Oh that, George P. Cosmatos, he sure does like to get involved in these movie duels, from creepy underwater battles to legendary Western shootouts. Fortunately for Cosmatos, when it came to telling the story a near mythic American lawman, he came out guns blazing this time around. Now on paper, director Lawrence Kasdan and star Kevin Costner’s sprawling biopic, Wyatt Earp, looks like the sure winner. Featuring the cream of the crop talent of the time both in front of and behind the camera, you’d think that Wyatt Earp would be easily shoot down the much smaller scoped and not quite as star studded Tombstone. Unfortunately for Wyatt Earp though, it was a bloated, overly long film that could have done with taking itself just a little less seriously, whereas Tombstone was a whip-lean, wildly entertaining ride that featured not only the coolest performance of Val Kilmer’s career, but possibly also the greatest bitch slap fest ever put on film.
I don’t even think I need to explain myself here. Grown men, to this day, still refer to each other as Maverick or Goose, and if you’re not a fan of “Highway to the Danger Zone” then prepare to be shunned en masse. Tony Scott’s Tom Cruise starring classic was a hit not only the bro-dudes, but also with the ladies as the image of Cruise wooing Kelly McGillis to Berlin’s Take My Breath Away still turns makes kneecaps magically disappear.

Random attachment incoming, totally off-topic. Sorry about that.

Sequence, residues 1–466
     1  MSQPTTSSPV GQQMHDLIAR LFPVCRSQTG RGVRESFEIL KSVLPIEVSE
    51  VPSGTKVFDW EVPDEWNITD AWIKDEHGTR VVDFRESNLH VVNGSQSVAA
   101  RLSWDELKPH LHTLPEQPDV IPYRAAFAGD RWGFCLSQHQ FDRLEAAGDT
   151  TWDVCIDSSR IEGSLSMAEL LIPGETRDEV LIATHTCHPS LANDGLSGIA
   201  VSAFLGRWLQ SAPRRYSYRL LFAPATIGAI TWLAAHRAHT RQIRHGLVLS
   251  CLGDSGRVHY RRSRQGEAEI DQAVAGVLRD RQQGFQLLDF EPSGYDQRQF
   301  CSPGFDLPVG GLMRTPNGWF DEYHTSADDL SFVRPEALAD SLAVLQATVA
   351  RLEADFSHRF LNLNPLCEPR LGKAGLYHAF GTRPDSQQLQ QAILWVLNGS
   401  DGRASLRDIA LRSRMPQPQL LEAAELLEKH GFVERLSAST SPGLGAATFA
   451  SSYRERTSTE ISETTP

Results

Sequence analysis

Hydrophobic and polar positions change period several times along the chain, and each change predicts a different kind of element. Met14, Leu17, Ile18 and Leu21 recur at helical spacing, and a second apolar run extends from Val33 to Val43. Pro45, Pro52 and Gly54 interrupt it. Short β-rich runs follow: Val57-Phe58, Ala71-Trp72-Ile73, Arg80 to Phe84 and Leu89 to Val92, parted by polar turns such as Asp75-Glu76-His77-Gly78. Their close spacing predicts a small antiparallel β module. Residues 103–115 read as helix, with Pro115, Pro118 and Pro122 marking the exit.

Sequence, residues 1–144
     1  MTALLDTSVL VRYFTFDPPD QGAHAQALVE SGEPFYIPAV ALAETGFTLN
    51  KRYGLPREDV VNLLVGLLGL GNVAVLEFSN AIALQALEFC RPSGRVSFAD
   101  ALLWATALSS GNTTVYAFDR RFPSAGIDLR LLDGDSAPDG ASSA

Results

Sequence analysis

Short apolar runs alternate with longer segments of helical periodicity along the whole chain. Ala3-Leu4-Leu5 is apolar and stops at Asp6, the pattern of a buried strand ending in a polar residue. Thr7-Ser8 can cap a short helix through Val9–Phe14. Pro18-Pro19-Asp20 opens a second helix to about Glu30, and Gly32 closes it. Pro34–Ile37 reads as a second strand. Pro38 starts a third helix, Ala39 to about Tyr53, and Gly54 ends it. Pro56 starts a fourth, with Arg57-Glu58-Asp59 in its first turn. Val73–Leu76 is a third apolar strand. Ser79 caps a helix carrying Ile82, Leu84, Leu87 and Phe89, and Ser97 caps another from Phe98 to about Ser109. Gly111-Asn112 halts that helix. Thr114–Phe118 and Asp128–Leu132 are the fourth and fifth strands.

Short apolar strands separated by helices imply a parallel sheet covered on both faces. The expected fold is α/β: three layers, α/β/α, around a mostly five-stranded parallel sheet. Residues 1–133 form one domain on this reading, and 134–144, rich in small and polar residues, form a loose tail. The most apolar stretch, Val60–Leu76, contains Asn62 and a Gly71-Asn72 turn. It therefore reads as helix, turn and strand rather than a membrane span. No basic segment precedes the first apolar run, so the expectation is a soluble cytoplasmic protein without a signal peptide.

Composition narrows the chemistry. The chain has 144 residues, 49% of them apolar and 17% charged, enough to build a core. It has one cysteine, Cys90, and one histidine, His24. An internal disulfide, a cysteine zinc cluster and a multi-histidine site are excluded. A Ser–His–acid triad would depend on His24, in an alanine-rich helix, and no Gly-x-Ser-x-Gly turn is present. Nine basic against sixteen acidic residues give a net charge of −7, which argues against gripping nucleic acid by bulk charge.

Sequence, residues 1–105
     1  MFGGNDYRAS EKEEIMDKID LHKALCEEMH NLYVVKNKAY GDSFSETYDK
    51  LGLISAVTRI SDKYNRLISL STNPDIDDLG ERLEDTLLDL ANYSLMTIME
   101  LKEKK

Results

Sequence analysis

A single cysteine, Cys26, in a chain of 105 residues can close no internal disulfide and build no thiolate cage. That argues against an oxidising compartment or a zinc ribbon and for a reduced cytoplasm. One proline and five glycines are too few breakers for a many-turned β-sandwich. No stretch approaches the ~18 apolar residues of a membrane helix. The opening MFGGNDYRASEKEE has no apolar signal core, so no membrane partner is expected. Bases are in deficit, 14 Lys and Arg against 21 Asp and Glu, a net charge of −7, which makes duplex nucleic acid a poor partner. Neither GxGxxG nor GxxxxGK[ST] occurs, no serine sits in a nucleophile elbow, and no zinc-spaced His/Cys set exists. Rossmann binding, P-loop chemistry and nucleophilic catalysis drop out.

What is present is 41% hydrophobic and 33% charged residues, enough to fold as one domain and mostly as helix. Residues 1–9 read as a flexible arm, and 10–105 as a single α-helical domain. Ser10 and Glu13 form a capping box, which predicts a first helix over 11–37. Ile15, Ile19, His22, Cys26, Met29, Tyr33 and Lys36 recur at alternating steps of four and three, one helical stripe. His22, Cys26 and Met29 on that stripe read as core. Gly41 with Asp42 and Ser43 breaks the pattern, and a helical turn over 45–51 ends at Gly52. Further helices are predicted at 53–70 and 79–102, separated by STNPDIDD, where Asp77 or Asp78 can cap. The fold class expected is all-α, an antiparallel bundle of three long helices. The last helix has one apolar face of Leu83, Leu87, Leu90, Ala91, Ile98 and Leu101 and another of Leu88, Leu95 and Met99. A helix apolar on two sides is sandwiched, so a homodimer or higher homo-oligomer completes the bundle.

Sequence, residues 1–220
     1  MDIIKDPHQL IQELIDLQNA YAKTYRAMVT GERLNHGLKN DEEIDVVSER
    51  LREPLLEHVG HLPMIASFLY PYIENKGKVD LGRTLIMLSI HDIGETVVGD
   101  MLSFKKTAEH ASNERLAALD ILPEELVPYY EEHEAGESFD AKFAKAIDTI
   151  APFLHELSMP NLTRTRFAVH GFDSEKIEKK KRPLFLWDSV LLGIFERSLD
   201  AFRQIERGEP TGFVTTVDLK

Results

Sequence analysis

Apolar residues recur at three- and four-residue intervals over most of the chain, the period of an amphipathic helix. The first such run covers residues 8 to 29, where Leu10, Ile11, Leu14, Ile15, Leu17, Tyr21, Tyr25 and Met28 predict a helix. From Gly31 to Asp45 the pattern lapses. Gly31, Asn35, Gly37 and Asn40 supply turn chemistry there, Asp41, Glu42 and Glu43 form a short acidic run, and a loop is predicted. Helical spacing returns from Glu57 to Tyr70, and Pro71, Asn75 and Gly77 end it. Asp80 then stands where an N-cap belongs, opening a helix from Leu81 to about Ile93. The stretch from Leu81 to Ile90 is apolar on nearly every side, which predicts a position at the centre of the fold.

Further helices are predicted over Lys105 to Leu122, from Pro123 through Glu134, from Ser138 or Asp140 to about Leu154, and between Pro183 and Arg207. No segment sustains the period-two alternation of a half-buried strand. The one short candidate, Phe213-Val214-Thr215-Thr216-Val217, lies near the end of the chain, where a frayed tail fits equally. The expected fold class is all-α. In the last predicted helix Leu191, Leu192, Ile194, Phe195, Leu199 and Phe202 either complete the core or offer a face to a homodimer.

The only thing Iron Eagle really brought to the table was Louis Gosset Jr. Don’t believe me, then just wait until it’s playing on eTV again for the umpteenth time to confirm.
Some interesting facts about me: I owned a VHS copy of Mel Gibson’s Oscar winning epic Braveheart, which I watched so many times that I wore out the tape. I can quote most of the movie’s dialogue by heart and instead of “The Wedding March”, my wife walked into the church on our wedding day to James Horner’s theme from the film. I think you can guess which film I’m going to pick here.
That’s certainly no slight to the Liam Neeson starring Rob Roy though, which if it didn’t find itself going up against another film about a the story of a Scottish hero, would certainly far more fondly remembered.
Much like with Rob Roy, The Illusionist is a fine film. Director Neil Burger as well as star Edward Norton are at the top their game in this 19th century period drama about an interesting love story between a magician and a beautiful girl, which weaves in the story of very real events and people. Unfortunately for The Illusionist, Christopher just has better game than they did.
Considered by many to be the finest entry on Nolan’s acclaimed filmography, The Prestige features an almost identical premise as its rival, but takes that story and runs with it to produce an ambitiously complex tale of intermingling, time shifted narratives featuring a sweeping love story, a techno-mystery and a gripping rivalry. It’s the type of film that has you completely entranced and utterly mystified right up until its brain melting conclusion. And as soon as it reveals its secrets, you’ll want to go back immediately and see it again.
Last Updated: July 4, 2013